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Magic Bullet or Menace?

A spray that's supposed to prevent HIV transmission sounds too good to be true.

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On the last Saturday in October around 100 people gathered in a ballroom at the Radisson on East Huron for a $100-a-plate dinner with live jazz. The event was a benefit for the Georgia Doty Health Education Fund, a south-side organization founded by nonprofit executive Don Doty that works in prisons and low-income communities. Representatives from the state and local health departments were there, mayoral and gubernatorial proclamations attesting to the important work being done by the fund were read, and Father George Clements, whom someone called the "black pope," gave an invocation. Then Samuel Evans walked onstage to accept one of the fund's health pioneer of the year awards.

Evans, who lives in Atlanta, made a self-deprecating comment, then talked a bit about himself. He spoke of getting two combat awards in Vietnam, being the first black commander in the Green Berets, and being honored by four American presidents. But, he said, the Doty award was particularly important to him because "a black man singled out another black man." Then he said, "AIDS is going to make the black race extinct if we don't do something," and held up a small rectangular box. Inside was a spray bottle filled with a dark liquid, a product called Genvia that he'd helped develop--the reason for the award. "It will kill HIV, hepatitis, syphilis, and gonorrhea and has the added bonus of killing male sperm instantly to prevent babies from being born with AIDS," he said. "This is history in the making."

Evans explained that his goal was to distribute Genvia in Africa, which has suffered the most from the AIDS epidemic. According to UNAIDS, sub-Saharan Africa is home to 76 percent of the world's HIV-positive women and two-thirds of all HIV-positive people.

But the thought of Genvia being distributed anywhere dismays some of the people who've been involved in the long search for effective microbicides--topical gels and creams or suppositories that would prevent the transmission of HIV. They say there's no proof yet that Genvia is effective and that people using it will think they're protected when they might not be. "Genvia is a huge concern," says Jim Pickett, policy director of the AIDS Foundation of Chicago.

Evans says he was poring over back issues of a newspaper in 1995 when he came across an article that claimed two out of five black females in Washington, D.C., were HIV positive and the ratio was expected to rise to three out of five within seven years. He says he told his wife, who'd just given birth to their daughter, that something had to be done about AIDS and remembers her saying, "You're the guy to do it."

Evans admits he doesn't have the kind of educational background that would make him especially well qualified to tackle the global AIDS crisis. He told me he'd graduated from West Virginia State College with a degree in English and history, though according to the registrar's office he majored in elementary education. He also said he had a law degree from Woodrow Wilson College of Law, though the registrar's office there told me he didn't graduate. He uses the title "Dr." because he has an honorary doctorate from Faith University, whose Web site describes it as a "nonprofit corporation" offering degrees in theology.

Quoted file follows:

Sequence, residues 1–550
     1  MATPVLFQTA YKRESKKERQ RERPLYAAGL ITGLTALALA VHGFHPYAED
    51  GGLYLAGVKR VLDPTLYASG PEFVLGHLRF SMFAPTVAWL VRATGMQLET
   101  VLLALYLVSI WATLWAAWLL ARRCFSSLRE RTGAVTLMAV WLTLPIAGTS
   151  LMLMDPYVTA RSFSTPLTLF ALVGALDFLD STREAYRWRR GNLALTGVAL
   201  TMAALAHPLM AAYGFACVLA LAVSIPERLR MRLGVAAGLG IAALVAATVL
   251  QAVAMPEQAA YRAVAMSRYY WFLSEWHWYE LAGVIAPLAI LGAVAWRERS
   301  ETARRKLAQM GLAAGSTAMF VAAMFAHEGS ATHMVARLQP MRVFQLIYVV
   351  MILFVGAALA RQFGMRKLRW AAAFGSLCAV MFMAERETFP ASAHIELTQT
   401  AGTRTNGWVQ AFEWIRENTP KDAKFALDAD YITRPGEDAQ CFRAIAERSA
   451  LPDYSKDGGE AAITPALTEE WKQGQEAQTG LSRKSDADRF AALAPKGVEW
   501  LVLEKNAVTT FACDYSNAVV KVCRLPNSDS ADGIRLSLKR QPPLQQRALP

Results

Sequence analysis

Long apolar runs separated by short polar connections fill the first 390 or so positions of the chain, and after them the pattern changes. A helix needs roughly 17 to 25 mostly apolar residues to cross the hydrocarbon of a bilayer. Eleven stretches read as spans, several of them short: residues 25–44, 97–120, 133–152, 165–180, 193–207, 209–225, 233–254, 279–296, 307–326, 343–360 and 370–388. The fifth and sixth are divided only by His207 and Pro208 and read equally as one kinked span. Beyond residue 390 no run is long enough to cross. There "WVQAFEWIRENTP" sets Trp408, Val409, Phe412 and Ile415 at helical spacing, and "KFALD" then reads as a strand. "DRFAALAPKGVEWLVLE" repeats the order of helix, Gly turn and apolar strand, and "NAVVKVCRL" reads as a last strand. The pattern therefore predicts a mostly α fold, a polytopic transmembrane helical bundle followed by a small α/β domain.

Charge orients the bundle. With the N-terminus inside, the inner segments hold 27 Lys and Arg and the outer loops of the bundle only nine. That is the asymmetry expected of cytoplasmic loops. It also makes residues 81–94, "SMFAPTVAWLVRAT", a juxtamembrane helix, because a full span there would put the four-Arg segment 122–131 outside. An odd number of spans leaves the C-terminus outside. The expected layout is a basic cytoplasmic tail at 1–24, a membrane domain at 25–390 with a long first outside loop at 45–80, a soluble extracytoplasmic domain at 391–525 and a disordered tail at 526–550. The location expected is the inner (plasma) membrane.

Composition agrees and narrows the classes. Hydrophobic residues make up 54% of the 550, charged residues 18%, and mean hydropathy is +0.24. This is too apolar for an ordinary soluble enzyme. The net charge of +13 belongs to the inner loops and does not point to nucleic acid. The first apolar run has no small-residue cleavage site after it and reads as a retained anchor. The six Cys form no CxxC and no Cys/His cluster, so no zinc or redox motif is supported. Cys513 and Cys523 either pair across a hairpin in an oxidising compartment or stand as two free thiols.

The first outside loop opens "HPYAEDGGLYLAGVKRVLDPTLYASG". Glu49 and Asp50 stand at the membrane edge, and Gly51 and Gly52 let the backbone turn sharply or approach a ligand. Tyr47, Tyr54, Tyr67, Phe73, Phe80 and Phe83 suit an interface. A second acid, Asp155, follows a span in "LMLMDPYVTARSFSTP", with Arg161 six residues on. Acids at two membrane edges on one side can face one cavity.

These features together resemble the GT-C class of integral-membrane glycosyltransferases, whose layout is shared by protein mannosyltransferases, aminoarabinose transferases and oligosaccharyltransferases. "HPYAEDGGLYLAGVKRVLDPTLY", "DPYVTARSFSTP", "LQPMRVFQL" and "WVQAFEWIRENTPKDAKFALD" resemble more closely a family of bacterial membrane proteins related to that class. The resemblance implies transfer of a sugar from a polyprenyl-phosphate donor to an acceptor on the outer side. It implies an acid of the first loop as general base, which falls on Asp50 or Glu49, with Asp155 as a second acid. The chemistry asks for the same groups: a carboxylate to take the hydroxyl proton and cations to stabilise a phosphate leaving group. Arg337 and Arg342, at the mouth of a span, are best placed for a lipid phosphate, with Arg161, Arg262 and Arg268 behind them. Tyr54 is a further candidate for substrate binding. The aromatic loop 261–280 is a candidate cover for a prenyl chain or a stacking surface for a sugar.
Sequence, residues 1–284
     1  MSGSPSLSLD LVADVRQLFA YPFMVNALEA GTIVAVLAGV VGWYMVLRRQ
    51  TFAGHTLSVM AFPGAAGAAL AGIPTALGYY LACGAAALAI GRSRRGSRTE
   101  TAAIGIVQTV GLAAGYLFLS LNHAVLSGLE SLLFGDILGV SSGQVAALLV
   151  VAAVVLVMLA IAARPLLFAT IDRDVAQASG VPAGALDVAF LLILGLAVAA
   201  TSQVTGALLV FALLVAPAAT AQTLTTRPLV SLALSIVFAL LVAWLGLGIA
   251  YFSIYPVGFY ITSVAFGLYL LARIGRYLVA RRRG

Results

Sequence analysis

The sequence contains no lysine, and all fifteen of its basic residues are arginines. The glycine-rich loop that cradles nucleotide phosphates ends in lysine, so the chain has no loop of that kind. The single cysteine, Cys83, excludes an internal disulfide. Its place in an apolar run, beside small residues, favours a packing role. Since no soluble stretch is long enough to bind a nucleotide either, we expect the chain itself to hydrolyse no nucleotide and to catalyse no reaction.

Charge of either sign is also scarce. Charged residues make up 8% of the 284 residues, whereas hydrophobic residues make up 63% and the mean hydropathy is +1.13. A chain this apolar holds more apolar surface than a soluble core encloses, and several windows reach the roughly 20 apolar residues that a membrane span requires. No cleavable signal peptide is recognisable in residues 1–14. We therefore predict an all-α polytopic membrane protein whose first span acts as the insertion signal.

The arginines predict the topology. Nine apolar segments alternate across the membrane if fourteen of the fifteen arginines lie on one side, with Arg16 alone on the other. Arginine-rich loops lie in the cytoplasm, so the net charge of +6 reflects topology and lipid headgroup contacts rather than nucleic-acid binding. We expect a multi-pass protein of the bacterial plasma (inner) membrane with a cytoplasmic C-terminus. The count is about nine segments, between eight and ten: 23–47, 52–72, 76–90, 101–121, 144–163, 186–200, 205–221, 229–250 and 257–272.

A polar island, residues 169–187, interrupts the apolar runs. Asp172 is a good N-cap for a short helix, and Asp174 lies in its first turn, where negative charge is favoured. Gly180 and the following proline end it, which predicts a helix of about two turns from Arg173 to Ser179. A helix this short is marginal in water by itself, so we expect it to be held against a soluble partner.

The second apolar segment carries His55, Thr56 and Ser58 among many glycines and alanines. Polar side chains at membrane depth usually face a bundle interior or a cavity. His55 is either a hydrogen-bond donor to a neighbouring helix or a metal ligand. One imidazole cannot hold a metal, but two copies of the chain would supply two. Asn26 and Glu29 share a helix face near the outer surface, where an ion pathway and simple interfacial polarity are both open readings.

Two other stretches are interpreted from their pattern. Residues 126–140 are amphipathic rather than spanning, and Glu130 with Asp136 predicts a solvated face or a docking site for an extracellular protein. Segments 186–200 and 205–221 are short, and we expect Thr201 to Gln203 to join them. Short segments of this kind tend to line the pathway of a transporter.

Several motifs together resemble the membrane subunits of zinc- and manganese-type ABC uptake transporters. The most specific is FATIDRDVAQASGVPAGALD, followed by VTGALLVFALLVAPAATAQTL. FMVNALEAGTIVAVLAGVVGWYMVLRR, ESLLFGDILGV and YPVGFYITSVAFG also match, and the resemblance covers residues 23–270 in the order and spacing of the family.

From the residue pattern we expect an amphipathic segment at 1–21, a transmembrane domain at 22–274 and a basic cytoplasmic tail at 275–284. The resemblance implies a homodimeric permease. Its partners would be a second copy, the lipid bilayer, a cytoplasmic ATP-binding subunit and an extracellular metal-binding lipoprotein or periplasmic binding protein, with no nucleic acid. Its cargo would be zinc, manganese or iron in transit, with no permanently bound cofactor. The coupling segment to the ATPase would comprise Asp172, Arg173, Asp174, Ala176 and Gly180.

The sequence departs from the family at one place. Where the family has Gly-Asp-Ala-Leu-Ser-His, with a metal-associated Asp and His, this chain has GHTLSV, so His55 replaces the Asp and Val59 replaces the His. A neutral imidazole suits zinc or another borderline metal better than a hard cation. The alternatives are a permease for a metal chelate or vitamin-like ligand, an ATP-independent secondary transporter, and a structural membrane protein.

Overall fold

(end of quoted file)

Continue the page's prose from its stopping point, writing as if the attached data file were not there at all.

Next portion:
His work history also wouldn't appear to make him particularly well qualified to take on the AIDS crisis. He says he's held many jobs--mentioning stints in the oil industry and in investment banking and as a compliance specialist for the U.S. Treasury Department--and never thought of himself as having a profession until he began working full-time to stop the spread of AIDS.

Soon after he saw the newspaper article he met a Chinese pathologist through a friend, and the two got to talking about AIDS. Evans says he presented himself to the doctor as a "simpleminded man with a simple solution." He'd read a research article about how HIV is transmitted and had been struck by the fact that the virus "didn't have great locomotion" in the body before it entered the bloodstream. It seemed obvious to him that "you have to kill the virus before it gets into the bloodstream," and he decided the best way to do that in people having heterosexual sex would be with a "liquid prophylactic" that would coat tears in the vaginal lining caused by the normal friction of sex. The pathologist said it was an "interesting theory," and after he returned to China the two men e-mailed back and forth.

Later that year, says Evans, he agreed to fund a research effort in China "out of pocket" and flew to Nanjing. "The Chinese gave me a wonderful feting," he says. They shuttled him from the airport in a limo, took him to a five-star hotel, and laid out an 18-course meal in his honor. "There were 200 people waiting to have dinner with me," he told the audience at the Doty fund-raiser. "It was just like a movie!"

Evans says that before he went to China he approached pharmaceutical companies in the U.S. and Europe to see if they'd be interested in doing research on an HIV microbicide. "They had no interest in prevention," he says. "There's a great deal of money in treatment." He also says that at the time the idea of a microbicide wasn't being "bandied about."

It's true that pharmaceutical companies didn't have much interest in developing microbicides, and the first major international conference wouldn't be held until 2000. But in the mid-90s plenty of people were talking about and researching microbicides. Women's health advocates in particular understood that there was a need for an alternative to condoms: though condoms are thought to be 80 to 95 percent effective at preventing the transmission of the virus, women don't always have the power or the confidence to insist that their partners use them.